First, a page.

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Concentration and the Internet

A few tips to quickly share. I am easily distracted, and easily inspired. As a result I’ll be in the middle of a thesis paragraph when I’ll jump over to a web browser [note how its constantly running] where I’ll end up reading random news websites (well, not random at all… actually I read terrible […]

Anthropology and Science

A recent Inside Higher Ed article, “Anthropology Without Science”, discusses the American Anthropological Associations recent changes to its’ “vision” (not definition for some reason) of Anthropology. I tried work a definition or two of anthropology into Chapter 2, and where I thought I’d really messed it up, it turns out others are having just as […]

Chapter 3 v2 now online!

Just a quick note to let a few interested parties know that Chapter 3 v2 has been posted. The thesis is coming around second base now and well on its way home. The next chapter, “Making Research Accessible”, needs to pull together quite a few issues. Looking at the Open Access debate, chapter 4 will […]

Toward Living with (not Under) Anthropology, Pt. 2

Savage Minds welcomes guest blogger Takami Delisle. Tak currently works as a medical interpreter for Japanese patients and helps run an organization for anthropology students of color. You can read the first installment of this piece here. Show More Summary

Ethnographic Field Data 2: When Not-Sharing is Caring

In my last post, I recommended that we consider archiving and sharing records from our fieldwork. Yet sharing both raw notes and publications can present challenges, as Rex recently covered with the controversy over Alice Goffman’s ‘anonymous’ but easily traced research in Philadelphia, published after she destroyed her fieldnotes. Show More Summary

“Anthropology” in the Snowden Surveillance Archive

A search for “anthropology” in the Snowden Surveillance Archive results in two hits. Both documents were created and presented by the UK GCHQ’s Joint Threat Research Intelligence Group (JTRIG) which sees anthropology as a method with...Show More Summary

Around the Web Digest: Week of August 16

Dear readers, either the blogs have been quiet this week or I’m missing some, which you can rectify by sending me links at rebecca.nelson.jacobs@gmail.com. The most shocking, terrible news in anthropology this week was the Islamic State’s...Show More Summary

The social costs of export agriculture in San Quintin, Baja California–An Interview with Christian Zlolniski

Earlier this month I had the opportunity to interview Christian Zlolniski about his ongoing work in Baja California, Mexico. I contacted Zlolniski in hopes of getting some more insight about the farmworker strikes in the San Quintin Valley that began this past March. Show More Summary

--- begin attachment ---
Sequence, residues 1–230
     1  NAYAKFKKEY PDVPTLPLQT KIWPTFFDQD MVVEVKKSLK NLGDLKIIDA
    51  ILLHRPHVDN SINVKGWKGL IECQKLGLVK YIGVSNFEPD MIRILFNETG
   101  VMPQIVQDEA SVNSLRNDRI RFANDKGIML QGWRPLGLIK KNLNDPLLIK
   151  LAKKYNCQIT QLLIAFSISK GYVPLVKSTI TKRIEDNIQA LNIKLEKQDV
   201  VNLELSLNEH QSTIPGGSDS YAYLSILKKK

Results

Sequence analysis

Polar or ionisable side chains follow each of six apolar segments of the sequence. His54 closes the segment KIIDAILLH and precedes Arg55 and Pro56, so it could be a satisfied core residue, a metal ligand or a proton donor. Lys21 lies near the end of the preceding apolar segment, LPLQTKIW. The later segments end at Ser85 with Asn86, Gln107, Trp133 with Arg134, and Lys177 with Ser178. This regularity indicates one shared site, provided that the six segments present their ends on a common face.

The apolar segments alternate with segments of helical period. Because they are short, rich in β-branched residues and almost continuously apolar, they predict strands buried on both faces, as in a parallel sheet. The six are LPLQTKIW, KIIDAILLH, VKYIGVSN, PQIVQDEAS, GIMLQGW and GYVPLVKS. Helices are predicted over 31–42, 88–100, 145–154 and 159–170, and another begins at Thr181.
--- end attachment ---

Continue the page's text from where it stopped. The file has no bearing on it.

A genetic marker for empathy?

The Starry Night, Vincent van Gogh (1853-1890). The more you empathize with the world, the more you feel its joy and pain, but too much can lead to overload. One of my interests is affective empathy, the involuntary desire not only to...Show More Summary

Forget the outrage: Stop signing away your author rights to corporations.

Earlier this summer here at the Savage Minds editorial offices, we had a temporary informational mishap that led some of our staff to believe that the mega-publisher Elsevier had purchased Academia.edu and, possibly, the rights to all of our first born children. Show More Summary

Savage Minds Reader Survey Results Part 2: Education, Work & Debt

Earlier this year we conducted the Savage Minds Reader Survey. Kerim described some of the demographic results in this post. Here I’ll provide a very brief recap. The majority of the responses came from readers in North America (62.8%) and Western Europe (16.7%). Show More Summary

Toward Living with (not Under) Anthropology, Pt. 1

Savage Minds welcomes guest blogger Takami Delisle. Tak currently works as a medical interpreter for Japanese patients and helps run an organization for anthropology students of color. You can find her on Twitter @tsd1888 and she also has her own blog. Show More Summary

Ethnographic Field Data 1: Should I Share my Fieldnotes?

[Savage Minds welcomes guest blogger Celia Emmelhainz.] “This will be your office,” Dr. Bernson says, unlocking the storage room near her office. Tall wooden shelves frame rows of ethnography, gender studies, and area studies book, dog-eared dictionaries of minority languages, and obscure books she picked up in the field. Show More Summary

Malinowski’s Legacy: One Hundred Years of Anthropology in the Milne Bay Province, Papua New Guinea

(Last week a major international conference was held in Alotau, the capital of Milne Bay Province, Papua New Guinea, where Bronislaw Malinowski did the research on kula that resulted in Argonauts of the Western Pacific (pdf of the conference...Show More Summary

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